I can’t imagine President Bush’s Council on Bioethics ever countenancing this, but President Obama’s bioethics advisory commission has given conditional approval to test anthrax vaccine on children! From the Reuters story:
“We have to get this precisely right,” panel Chair Amy Gutmann, president of the University of Pennsylvania, said at a news conference. “Many significant steps would have to be taken” before a pediatric anthrax vaccine trial could be considered, she said. But she added that it is important “to develop the knowledge needed to save children’s lives” in the event of an anthrax attack. Balancing the need to protect children against the need to know, for instance, the safe dose of the vaccine, made this “one of the most difficult ethical reviews a bioethics board has ever conducted,” Gutmann said.
Activists said the board was wrong not to oppose unequivocally testing the anthrax vaccine in children. Vera Sharav, founder of the Alliance for Human Research Protection, predicted that such a study would cause “moral harm for us as a nation and suffering for the children. They should have said, ‘thou shalt not.’”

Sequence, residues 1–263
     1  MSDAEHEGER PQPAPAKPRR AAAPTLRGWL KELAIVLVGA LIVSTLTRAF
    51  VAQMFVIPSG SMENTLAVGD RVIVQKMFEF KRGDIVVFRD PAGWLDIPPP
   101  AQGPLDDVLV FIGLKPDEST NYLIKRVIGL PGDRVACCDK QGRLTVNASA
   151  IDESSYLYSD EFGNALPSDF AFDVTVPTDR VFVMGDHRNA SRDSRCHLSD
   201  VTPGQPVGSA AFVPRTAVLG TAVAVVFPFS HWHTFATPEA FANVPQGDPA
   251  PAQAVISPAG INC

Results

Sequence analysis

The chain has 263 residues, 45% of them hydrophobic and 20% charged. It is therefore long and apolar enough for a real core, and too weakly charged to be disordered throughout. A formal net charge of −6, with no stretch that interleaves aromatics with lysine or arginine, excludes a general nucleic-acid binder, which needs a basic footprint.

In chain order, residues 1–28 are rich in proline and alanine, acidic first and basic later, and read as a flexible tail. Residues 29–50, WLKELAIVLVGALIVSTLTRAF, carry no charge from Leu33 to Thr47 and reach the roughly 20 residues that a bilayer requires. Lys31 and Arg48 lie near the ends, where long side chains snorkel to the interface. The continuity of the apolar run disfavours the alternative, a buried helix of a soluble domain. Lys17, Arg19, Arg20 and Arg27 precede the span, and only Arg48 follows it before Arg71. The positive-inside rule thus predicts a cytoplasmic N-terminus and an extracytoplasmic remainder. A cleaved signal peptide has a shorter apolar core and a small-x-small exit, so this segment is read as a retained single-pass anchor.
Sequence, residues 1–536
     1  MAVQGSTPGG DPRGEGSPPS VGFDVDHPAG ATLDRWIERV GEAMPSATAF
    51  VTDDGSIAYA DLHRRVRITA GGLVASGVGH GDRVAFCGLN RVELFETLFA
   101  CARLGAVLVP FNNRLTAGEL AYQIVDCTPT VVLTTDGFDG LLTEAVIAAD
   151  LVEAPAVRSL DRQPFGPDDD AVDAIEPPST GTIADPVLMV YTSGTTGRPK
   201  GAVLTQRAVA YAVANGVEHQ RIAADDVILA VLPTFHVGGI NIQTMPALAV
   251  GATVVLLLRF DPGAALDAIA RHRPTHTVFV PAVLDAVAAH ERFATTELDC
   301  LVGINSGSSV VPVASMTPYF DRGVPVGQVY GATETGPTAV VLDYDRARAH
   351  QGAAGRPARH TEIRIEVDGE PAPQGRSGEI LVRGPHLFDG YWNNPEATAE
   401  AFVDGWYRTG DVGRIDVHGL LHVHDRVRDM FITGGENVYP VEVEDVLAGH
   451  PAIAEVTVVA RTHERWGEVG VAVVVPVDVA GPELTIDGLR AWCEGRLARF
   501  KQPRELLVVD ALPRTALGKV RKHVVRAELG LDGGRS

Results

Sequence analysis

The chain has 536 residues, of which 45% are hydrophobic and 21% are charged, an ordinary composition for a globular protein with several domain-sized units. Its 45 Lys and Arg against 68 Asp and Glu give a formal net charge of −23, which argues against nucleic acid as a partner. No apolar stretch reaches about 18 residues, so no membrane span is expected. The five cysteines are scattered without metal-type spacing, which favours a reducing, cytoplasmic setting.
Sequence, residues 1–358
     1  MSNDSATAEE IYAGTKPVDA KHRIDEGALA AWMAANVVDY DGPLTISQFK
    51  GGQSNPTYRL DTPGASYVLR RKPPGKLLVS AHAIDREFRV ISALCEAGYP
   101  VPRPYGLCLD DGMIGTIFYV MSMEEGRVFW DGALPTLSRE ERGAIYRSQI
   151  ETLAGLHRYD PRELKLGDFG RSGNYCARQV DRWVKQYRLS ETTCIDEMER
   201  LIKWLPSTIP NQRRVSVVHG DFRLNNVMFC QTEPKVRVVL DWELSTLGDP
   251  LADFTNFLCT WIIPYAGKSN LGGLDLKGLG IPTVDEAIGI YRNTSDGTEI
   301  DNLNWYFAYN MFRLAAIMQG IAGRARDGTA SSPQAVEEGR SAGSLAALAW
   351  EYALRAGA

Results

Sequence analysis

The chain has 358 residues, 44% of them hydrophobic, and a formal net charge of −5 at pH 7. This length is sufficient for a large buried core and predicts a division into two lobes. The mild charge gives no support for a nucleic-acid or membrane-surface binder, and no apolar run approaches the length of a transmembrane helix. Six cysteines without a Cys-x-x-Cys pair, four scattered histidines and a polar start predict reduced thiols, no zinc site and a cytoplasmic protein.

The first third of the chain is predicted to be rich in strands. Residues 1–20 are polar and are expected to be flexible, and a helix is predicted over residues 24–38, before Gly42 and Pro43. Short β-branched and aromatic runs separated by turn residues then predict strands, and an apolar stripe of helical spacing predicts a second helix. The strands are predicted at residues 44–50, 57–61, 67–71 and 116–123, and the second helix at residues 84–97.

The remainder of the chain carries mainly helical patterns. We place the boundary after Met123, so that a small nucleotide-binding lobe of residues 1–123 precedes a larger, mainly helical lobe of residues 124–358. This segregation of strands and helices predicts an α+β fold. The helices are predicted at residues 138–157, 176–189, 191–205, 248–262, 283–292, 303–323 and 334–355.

CLICK LIKE IF YOU’RE PRO-LIFE!
Federal regulations set a high bar for research on kids. If the chance of their benefiting is minuscule or nil, and the potential risk even minimal, children are usually off-limits. The presidential bioethics panel conceded that “there is no prospect of direct benefit to children” who participate in an anthrax-vaccine study, Gutmann said. According to the biodefense board, children in such a study would face more than minimal risk (defined as a risk no greater than that in daily life or at a check-up), mostly because the side effects of the vaccine in children are unknown.
So who’s children will be put forward as the guinea pigs? If they go forward, I suggest the first to volunteer be the children or grandchildren of the council members. I’ll bet there would be no takers.
LifeNews.com Note: Wesley J. Smith, J.D., is a special consultant to the Center for Bioethics and Culture and a bioethics attorney who blogs at Secondhand Smoke.